Felicity Hawksley, journalist

If you’ve recently qualified having paid your own way through ACCA’s courses and exams, you might well be considering your next move, wondering where your new skills and credentials could take you. In the Middle East, small and medium-sized practices (SMPs) are a growing force, and they offer significant opportunities for the right fit.

‘You get a greater diversity of experience at a small firm and much more access to senior staff’

Good picks for new starters

Nasheeda CC, founder and managing director of Nishe Consulting, a small, currently female-only, firm in Dubai, says that there are practical and personal reasons SMPs are a good pick for newly qualified professionals. ‘First of all, you get a greater diversity of experience at a small firm,’ she points out, ‘and you also get much more access to senior staff, which can quickly shape the direction and quality of your career.’

CC has seen both sides herself. She started out in 2005 working for PwC in Dubai and spent just over 11 years with the firm. ‘There are benefits to the Big Four – don’t get me wrong,’ she says. She cites a project she worked on in the early stages of her career: ‘I helped to write a VAT audit manual for a country that was moving towards a VAT regime. That is the kind of experience you simply won’t get at a small firm.’

But, she adds, while she gained in many ways, she also lost her motivation there. ‘The bigger the firm, the more processes there are to follow, and it makes life boring. The processes are mainly for risk management and probably don’t affect 99% of clients, but you have to do them. They take the imagination out of you!’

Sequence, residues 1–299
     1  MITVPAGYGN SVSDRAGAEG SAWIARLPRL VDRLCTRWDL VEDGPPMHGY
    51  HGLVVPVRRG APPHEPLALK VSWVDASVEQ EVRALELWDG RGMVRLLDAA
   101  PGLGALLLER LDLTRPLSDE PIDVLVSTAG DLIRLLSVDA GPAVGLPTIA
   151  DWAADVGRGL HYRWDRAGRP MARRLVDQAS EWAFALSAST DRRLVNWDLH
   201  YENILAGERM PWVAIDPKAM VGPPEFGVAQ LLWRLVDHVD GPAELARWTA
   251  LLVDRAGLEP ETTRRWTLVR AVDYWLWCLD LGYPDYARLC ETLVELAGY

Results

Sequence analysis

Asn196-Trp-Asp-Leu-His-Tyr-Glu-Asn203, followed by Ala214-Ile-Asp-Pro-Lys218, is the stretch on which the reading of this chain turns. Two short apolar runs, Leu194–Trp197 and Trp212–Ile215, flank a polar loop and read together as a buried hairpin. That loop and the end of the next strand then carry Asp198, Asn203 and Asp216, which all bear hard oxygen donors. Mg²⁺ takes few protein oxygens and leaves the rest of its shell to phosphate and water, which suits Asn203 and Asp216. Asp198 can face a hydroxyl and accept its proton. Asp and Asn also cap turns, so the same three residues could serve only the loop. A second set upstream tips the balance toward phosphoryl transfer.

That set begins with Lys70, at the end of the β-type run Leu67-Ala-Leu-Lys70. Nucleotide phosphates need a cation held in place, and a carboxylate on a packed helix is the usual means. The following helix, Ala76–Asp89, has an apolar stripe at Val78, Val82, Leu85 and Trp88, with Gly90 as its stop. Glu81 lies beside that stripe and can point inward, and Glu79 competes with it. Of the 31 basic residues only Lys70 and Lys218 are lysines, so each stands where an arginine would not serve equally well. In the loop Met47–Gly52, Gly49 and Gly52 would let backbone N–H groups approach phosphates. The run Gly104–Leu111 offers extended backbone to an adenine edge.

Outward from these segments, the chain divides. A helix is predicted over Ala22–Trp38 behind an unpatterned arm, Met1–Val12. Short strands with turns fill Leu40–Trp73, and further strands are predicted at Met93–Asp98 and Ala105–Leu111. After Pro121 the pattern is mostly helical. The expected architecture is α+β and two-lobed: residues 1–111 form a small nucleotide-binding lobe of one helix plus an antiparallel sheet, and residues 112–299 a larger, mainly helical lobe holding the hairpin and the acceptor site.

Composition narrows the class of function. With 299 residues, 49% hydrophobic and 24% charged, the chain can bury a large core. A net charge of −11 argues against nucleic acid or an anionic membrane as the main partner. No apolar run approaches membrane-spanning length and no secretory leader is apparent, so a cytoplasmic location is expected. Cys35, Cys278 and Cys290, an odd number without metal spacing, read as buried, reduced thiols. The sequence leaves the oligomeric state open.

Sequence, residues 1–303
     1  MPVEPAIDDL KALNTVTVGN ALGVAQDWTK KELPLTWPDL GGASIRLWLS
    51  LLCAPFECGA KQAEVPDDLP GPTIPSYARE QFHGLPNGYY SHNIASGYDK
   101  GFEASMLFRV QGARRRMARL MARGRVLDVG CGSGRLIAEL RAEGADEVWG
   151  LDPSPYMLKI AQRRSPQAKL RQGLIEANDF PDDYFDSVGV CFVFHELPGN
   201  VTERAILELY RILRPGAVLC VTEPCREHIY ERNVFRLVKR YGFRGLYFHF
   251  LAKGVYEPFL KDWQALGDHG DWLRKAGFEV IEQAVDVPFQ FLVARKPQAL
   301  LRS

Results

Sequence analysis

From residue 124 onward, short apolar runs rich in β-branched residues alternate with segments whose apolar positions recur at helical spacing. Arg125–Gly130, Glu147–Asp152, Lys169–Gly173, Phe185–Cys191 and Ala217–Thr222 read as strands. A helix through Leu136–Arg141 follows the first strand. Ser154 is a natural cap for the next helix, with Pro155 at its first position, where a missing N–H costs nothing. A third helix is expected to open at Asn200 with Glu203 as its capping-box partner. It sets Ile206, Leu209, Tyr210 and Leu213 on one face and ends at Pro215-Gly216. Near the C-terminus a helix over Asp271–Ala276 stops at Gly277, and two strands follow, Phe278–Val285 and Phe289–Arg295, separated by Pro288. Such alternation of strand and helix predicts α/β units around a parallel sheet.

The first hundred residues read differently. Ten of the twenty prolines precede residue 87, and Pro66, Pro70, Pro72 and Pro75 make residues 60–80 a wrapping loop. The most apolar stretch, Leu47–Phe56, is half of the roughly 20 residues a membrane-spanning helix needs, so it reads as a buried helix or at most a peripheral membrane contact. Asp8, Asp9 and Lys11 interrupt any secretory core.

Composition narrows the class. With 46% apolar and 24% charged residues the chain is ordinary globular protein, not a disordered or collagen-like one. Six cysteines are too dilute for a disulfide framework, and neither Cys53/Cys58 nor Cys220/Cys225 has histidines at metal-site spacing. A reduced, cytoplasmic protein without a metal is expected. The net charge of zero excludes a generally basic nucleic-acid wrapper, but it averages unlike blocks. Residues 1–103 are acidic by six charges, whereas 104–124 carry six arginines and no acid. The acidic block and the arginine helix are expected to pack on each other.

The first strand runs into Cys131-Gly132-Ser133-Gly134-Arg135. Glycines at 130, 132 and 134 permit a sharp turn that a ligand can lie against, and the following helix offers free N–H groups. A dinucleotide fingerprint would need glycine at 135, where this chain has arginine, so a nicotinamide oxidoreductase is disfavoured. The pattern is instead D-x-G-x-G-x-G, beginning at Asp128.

She left PwC in 2016 as a director and set up her own firm. ‘We do outsourced accounting for our clients, we help them with standards, we do some consulting, and some audits.’ She says that Nishe employees get a lot of attention and client interaction. ‘I really enjoy my work. There is a lot of passion for the job here, and a lot of camaraderie and bonding.’

Keeping the firm small means new joiners have to get stuck into everything. ‘When a client has a problem, you can’t just pass them to a different department. You have to work with them on everything, and there’s better bonding with the client as a result.’

She says that while the people Nishe attracts are fundamentally no different from those the Big Four attract, her recruits soon become quite different to those who pursue a career with a larger firm. ‘They become more independent, and they’re not in the cocoon of a brand. They know they aren’t just a cog, but a wheel,’ she explains.

‘I want people with confidence, not necessarily the best credentials, and the hunger to do something different’

Avoiding the crowd

Arshad Gadit, CEO of accountancy firm AthGadlang, has similar views. He too spent time at a Big Four firm – in his case, Deloitte in London – before going on to found his own firm in Bahrain.

Gadit says he actively looks to hire people who don’t want to be part of the crowd. ‘I want people with confidence, not necessarily the best credentials. I want them to have the hunger to do something different.’ He has even hired people with bad exam results because he saw a spark in them that he thought he could harness.

He agrees that new hires in small firms get a lot more attention than in big firms. ‘Everything is hierarchical at the big companies,’ he says. ‘Here you get high exposure, and there is a high price for getting things wrong simply because you are much more visible.’ But, he adds, people shouldn’t be put off by that. ‘It’s a matter of what you see in yourself,’ he says.

‘It comes down to one question: do you want to go with the crowd? Or would you rather be somewhere less structured and a much bigger part of something smaller? Anyone who is qualified should seriously consider working in a small firm.’

More information

Look out for new ACCA research on Gen Z and our new ‘Rethinking careers’ hub next month